Mild hypoglycemia is independently associated with increased risk of mortality in patients with sepsis: a three-year retrospective observational study.
Crit Care. 2012 Oct 12;16(5):R189
Authors: Park S, Kim DG, Suh GY, Kang JG, Ju YS, Lee YJ, Park JY, Lee SW, Jung KS
ABSTRACT: INTRODUCTION: Mild hypoglycemia is associated with increased mortality in critically ill patients. However, data regarding the association between mild hypoglycemia and patient outcomes among patients with sepsis are limited. METHODS: Patients admitted to a medical intensive care unit (ICU) for sepsis, as defined by the Surviving Sepsis Campaign guidelines, during a three-year period were enrolled retrospectively. Data on blood glucose (BG) control parameters and patients outcomes were collected. The primary outcome was the relationship of mild hypoglycemia, defined as minimum BG 40-69 mg/dL during ICU stay, to hospital mortality, and the secondary outcomes were ICU-acquired complication rates, ICU and one-year mortality rates. A relationship between glucose variability (GV) and hypoglycemic events was also investigated. RESULTS: Three-hundred and thirteen consecutive patients with sepsis were enrolled (mean age, 71.8 +/- 11.3 years; male, n = 166; diabetics, n = 102). A total of 14,249 (5.6/day/patient) BG tests were performed, and 175 hypoglycemic events (spontaneous, 71; iatrogenic, 104) occurred in 80 (25.6%) patients during the ICU stay; severe hypoglycemia (minimum BG level < 40 mg/dL) occurred in 24 (7.7%) patients and mild hypoglycemia (minimum BG level 40-69 mg/dL) was found in 56 (17.9%) patients. The frequency of hypoglycemic events increased with higher GV, and patients with mild hypoglycemia had higher rates of ICU-acquired complications than did those with no hypoglycemia (renal, 36.2% vs. 15.6% [P = 0.003]; cardiac, 31.9% vs. 14.3% [P = 0.008]; hepatic, 34.0% vs. 18.2% [P = 0.024]; bacteremia, 14.9% vs. 4.5% [P = 0.021]). Multivariate analysis revealed that mild hypoglycemia was independently associated with increased hospital mortality (odds ratio [OR], 3.43; 95% confidence interval [CI], 1.51-7.82), and even a single event was an independent risk factor (OR, 2.98; 95% CI, 1.10-8.09). Kaplan-Meier analysis demonstrated that mild hypoglycemia was significantly associated with a lower one-year cumulative survival rate among patients with sepsis (P < 0.001). CONCLUSIONS: Mild hypoglycemia was associated with increased risk of hospital and one-year mortality, as well as the occurrence of ICU-acquired complications. Thus, physicians need to recognise the importance of mild hypoglycemia in patients with sepsis.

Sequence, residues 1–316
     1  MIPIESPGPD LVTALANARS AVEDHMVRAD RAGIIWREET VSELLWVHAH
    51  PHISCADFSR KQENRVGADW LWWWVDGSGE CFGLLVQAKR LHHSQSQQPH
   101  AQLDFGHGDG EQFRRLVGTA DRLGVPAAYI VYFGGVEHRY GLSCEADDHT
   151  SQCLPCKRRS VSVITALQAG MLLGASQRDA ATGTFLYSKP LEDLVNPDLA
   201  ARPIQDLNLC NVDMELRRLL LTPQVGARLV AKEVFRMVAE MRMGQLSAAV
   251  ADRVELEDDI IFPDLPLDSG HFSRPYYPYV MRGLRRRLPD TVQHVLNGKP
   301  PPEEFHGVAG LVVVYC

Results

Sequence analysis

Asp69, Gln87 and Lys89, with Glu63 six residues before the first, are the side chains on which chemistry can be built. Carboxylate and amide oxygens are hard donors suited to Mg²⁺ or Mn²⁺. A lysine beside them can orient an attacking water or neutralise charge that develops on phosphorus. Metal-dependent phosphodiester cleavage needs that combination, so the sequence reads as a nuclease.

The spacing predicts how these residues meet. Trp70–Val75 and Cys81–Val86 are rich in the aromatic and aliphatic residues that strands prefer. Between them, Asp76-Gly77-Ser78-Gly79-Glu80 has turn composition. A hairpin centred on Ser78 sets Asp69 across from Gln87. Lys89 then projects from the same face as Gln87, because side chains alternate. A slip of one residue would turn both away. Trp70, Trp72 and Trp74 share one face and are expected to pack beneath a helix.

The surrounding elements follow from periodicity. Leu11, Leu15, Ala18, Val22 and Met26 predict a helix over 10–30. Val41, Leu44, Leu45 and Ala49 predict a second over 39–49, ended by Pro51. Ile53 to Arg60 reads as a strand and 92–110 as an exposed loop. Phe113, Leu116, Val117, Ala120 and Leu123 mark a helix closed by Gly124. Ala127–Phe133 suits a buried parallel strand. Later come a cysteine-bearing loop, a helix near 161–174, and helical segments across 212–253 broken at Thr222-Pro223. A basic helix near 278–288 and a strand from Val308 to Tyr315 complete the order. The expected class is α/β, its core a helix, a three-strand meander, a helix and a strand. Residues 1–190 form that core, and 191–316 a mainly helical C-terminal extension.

PMID: 23062226 [PubMed - as supplied by publisher]